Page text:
[THIS REVIEW CONTAINS SPOILERS]
Detective Comics #21 begins a new story arc in Batman’s classic title, written by John Layman with art by Scot Eaton. This issue picks up right where last year’s #0 issue left off. If you aren’t familiar with those events, let me catch you up before we jump into this week’s issue #21.
Previously, in Detective Comics #0:
Before Bruce Wayne became Batman, he spent years traveling around the world training. The story starts with Bruce arriving in the Himalayan Mountains to train under Zen warrior Shihan Matsuda. Bruce spends several months learning the ways of Zen meditation, controlling his mind and body under extreme conditions. During his time in the mountains, Bruce meets a local girl named Mio, who flirts with him whenever he stops by her sword shop. Shihan Matsuda warns Bruce to stay away from her because a true Zen warrior must never fall in love. In the words of Shihan, “Intimacy is a weakness. It is to be mortal, and to be mortal is to die. Love will erode your discipline… Let no one in. Distrust everything and everyone. Only then will you become a true warrior.” Despite the warnings from Shihan, Bruce continues to see Mio and they spend a lovely afternoon together looking at cloud shapes in the park. Shihan’s wife Matsuda-Sama encourages Bruce to keep seeing Mio and advises him not to shut out his emotions entirely. Only by understanding and knowing his emotions will he be able to prevent succumbing to them. She tells Bruce how Shihan has hardened out his heart to become one of the world’s greatest Zen warriors, but at the cost of their love and marriage.
After locking up one night, Bruce sneaks out to visit Mio. She does not want to be caught with Bruce by her father, so she tells Bruce to return home and leave a window open that she can use to get in. Bruce complies and falls asleep waiting for her. Bruce is woken up by the sound of Shihan shouting for help. He arrives in time to see an assassin stab Shihan through the chest. He quickly knocks the attacker into a window, only to learn it was Mio the whole time. Mio apparently dies from her wounds. Matsuda-Sama, no longer able to live such a loveless life with Shihan, had hired Mio to kill Shihan. Shihan throws a knife in Matsuda-Sama’s back, killing her. Before Shihan dies, he warns Bruce with a final lesson that this is what closeness will bring him.
Now in Detective Comics #21:
“She died that night,” are the opening words over a flashback of Bruce kicking Mio into the window. The glass shards that went through her back killed her. Bruce Wayne was there, holding his love in his arms as she died that night 10 years previously. The reader soon learns, however, that Mio faked her death by using meditation skills taught to her by an unseen, shadowy master. Her sensei scolds her for the “inelegant murder” of Shihan Matsuda, claiming she was weak for allowing her mind to wander to the boy. The master says she must abandon her life and give herself completely to his training and become one with the shadows.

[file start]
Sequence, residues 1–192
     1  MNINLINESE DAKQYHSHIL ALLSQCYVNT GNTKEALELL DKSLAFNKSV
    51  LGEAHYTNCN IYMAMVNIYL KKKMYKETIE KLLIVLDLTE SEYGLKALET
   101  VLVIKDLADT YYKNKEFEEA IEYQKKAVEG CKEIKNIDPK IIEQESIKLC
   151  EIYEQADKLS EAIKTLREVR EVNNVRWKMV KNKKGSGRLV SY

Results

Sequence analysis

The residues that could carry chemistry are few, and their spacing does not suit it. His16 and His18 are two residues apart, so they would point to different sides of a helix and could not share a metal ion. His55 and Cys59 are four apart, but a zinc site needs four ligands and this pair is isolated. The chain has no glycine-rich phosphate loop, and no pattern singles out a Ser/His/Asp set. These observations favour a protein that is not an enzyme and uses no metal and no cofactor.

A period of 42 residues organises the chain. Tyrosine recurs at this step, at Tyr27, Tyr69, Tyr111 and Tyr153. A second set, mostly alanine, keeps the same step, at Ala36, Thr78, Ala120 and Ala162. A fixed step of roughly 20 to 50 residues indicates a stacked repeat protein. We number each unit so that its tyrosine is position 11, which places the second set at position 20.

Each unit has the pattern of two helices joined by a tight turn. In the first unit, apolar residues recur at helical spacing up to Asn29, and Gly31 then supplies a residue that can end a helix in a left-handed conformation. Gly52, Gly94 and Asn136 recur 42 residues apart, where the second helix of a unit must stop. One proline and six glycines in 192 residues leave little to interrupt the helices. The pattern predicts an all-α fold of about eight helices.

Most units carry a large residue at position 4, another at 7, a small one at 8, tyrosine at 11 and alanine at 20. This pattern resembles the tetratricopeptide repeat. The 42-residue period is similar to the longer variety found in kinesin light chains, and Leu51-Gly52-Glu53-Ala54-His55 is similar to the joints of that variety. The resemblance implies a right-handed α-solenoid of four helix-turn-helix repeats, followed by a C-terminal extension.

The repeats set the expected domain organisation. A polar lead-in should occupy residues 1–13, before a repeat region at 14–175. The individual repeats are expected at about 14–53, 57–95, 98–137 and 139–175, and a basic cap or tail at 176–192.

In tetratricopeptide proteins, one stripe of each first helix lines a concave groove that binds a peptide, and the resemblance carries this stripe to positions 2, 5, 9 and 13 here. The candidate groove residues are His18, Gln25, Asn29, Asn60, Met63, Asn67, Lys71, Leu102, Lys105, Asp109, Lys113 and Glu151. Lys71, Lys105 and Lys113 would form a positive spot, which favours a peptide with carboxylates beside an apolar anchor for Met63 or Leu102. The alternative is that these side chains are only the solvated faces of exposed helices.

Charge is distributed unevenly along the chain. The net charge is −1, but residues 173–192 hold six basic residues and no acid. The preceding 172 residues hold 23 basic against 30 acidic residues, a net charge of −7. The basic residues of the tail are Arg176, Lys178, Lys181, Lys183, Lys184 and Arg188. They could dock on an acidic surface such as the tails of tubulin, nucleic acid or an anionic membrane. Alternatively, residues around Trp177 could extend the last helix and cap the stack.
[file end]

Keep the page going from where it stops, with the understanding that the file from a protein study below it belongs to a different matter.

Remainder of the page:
The story jumps to the present day Gotham City, where the reader sees Batman plant a spike-strip in the street for an on-coming van of mercenaries. After taking them down, Alfred reminds Batman that Bruce Wayne is hosting the Prime Minister of Bhutan and other foreign dignitaries at Wayne Towers for a political summit, to which Bruce Wayne is running late. Batman suspects the mercenaries were not only sent to assassinate the Prime Minister, but also to distract Batman from other, more subtle threats to the diplomats.
The story shifts to the perspective of Harper Row and her brother Cullen, as they are outside Wayne Towers for Harper’s job as an electrical engineer for the city of Gotham. Harper has used her electrical engineering skills in the past to help Batman, but Batman does not want her to risk her life and orders Harper to stop helping him. Bats even confiscated some of her equipment, like grappling gear and utility belt. Despite Batman’s warnings, Harper spots a suspicious looking woman in the crowd and decides to follow her into Wayne Towers. She manages to trail the woman up to the 14th floor meeting room, where she sees the woman display some type of mystical ability to materialize multiple arms and weapons out of the shadows. Harper is then caught by the assassin, who calls herself Penumbra.
Always watching the cameras, Alfred notices Harper’s predicament through the Wayne Towers security cameras, and alerts Batman to stop the assassin. Batman crashes his Bat-jet into the 14th floor meeting room just in time to stop Penumbra from killing Harper. A fight between Batman and Penumbra ensues, with Batman faintly recognizing her voice from some time long ago. Determined to show Batman that she can help, Harper runs downstairs to tell Commissioner Gordon what’s going on when she gets the bright idea to stop this shadowy assassin by shining one of the giant city spotlights on the 14th floor meeting room. The bright lights cause the assassin’s shadow-limbs and weapons to vanish, and Batman gets a good look at her face.